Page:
(MONTGOMERY)–Attorney General Luther Strange joined with members of the Alabama Electronic Security Board of Licensure today in warning consumers to be cautious of unscrupulous solicitations and pressure tactics that may be used in an attempt to frighten people into buying or upgrading security products and services that may not be needed.
The Board has received reports of problems occurring particularly in the summer months when some companies employ a high volume of non-professional sales staff who may use unethical practices and target senior citizens as well as others.
“The Alabama Electronic Security Board of Licensure licenses companies in many of Alabama’s largest counties,” said Attorney General Strange. “Consumers who are considering the purchase or installation of a security system or locks should check with the Alabama Electronic Security Board of Licensure to see if the company has a license and if any problems have been reported. Do not let anyone frighten you into making a decision before you are ready, or into buying something you may not want or need.”
The Alabama Electronic Security Board of Licensure reports improper scare tactics such as: claiming that recent burglaries have occurred in the neighborhood, stating they have come to upgrade one’s security system because it is not working properly, and saying that thieves are cutting phone wires to get people to buy cellular security systems. Other unscrupulous practices include pretending to be working in conjunction with a municipality to protect citizens and high-pressure pitches that are said to be good for that day only.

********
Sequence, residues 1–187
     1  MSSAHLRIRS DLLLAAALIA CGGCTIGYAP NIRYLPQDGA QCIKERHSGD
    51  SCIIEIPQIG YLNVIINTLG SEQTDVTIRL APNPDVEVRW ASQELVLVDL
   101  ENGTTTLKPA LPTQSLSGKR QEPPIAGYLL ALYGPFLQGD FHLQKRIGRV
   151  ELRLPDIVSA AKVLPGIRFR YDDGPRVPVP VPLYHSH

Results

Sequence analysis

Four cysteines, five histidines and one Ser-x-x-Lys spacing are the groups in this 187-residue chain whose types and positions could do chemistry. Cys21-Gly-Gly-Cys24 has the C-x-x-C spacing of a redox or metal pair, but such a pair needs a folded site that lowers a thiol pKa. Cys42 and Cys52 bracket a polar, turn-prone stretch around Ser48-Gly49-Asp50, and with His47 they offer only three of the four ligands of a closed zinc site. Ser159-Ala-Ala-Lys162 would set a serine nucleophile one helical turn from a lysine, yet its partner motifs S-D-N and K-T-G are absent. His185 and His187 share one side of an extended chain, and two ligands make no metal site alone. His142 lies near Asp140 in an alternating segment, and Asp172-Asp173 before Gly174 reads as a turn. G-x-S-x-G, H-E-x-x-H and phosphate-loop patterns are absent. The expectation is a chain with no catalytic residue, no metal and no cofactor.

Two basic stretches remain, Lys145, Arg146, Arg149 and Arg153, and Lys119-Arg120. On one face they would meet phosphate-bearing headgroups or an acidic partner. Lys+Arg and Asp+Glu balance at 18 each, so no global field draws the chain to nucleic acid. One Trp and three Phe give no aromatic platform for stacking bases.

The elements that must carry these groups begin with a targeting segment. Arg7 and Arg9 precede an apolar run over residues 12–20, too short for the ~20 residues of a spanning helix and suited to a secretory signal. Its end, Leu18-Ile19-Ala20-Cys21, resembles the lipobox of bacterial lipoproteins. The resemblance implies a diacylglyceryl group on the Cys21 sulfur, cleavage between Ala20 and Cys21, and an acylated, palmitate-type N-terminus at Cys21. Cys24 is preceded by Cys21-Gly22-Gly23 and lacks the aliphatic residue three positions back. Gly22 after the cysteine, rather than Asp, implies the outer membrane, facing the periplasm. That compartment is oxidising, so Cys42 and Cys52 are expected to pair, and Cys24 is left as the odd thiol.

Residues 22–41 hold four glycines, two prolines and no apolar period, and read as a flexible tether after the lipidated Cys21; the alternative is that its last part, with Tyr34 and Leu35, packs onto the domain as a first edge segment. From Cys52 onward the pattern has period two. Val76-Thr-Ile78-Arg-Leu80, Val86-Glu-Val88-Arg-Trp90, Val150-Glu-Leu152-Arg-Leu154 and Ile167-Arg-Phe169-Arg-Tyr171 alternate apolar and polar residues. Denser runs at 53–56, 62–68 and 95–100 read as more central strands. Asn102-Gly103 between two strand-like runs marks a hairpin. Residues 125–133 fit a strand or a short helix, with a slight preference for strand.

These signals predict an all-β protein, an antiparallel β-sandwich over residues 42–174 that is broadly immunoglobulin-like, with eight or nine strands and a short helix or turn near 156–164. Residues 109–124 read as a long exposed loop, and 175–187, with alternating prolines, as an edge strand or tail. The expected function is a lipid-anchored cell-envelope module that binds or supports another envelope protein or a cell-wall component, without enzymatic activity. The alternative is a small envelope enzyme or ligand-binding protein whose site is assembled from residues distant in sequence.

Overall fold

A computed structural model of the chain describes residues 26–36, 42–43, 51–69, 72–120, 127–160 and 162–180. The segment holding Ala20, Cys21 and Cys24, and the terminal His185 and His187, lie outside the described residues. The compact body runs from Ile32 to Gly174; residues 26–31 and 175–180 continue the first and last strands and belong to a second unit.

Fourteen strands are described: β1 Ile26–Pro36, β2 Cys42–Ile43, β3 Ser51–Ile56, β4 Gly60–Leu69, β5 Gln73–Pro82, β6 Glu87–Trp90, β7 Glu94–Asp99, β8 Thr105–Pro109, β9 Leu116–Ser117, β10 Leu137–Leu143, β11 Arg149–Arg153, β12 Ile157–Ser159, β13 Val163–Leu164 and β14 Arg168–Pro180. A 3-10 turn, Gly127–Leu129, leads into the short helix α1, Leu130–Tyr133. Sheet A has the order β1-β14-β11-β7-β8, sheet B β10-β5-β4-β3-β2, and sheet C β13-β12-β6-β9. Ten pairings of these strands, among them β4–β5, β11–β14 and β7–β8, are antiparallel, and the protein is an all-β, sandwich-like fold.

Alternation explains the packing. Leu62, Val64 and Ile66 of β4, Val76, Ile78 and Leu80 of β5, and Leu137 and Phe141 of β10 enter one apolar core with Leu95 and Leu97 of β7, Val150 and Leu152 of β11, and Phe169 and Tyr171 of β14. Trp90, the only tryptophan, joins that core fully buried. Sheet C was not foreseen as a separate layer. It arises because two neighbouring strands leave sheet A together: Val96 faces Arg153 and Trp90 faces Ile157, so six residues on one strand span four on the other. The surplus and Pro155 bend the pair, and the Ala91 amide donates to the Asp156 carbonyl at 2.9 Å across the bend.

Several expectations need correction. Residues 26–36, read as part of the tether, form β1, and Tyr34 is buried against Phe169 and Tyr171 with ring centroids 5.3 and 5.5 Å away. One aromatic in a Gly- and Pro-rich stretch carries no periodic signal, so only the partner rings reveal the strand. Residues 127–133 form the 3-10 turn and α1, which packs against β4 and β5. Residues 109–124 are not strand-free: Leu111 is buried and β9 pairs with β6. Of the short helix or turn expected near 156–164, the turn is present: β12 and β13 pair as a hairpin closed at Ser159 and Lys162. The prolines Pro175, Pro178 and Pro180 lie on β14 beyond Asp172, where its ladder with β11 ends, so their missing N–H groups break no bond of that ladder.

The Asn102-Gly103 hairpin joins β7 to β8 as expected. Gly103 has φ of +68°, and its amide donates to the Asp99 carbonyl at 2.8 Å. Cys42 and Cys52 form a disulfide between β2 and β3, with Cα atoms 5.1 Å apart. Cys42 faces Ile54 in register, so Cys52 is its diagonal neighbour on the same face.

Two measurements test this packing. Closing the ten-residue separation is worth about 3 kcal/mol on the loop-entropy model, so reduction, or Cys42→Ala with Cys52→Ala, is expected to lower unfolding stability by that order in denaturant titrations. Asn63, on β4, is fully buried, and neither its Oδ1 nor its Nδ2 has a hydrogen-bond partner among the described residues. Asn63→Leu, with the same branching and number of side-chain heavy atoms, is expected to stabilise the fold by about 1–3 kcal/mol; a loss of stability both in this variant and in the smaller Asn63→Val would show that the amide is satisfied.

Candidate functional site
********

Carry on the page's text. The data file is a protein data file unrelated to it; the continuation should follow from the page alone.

All locksmith and alarm companies in the State of Alabama are required to be licensed by the Alabama Electronic Security Board of Licensure except in certain counties that are exempt from the state law. Consumers should ask to see an identification badge that is from the AESBL Board and not just from the business itself and confirm that the identification badge is for the current year. Consumers are also urged to report salespeople who cannot show the identification card proving that they are properly licensed by the Board. Under state laws and regulations, it is a class A misdemeanor to act as an alarm system servicer or installer or as a locksmith servicer or installer—or even to advertise as an alarm system servicer, installer or locksmith—without the required license.
Among the protections provided by licensure are that the employee has been subjected to a national background and fingerprint check and that the company is subject to the jurisdiction of the Alabama Electronic Security Board of Licensure which can discipline the company and mediate complaints.
Consumers may contact the Board by calling 1-866-302-3725 or 334-264-9388, and the information is available at the webpage http://www.aesbl.com. Consumers may also check with the Attorney General’s Office of Consumer Protection by calling 1-800-392-5658.
Alabama Attorney General www.ago.alabama.gov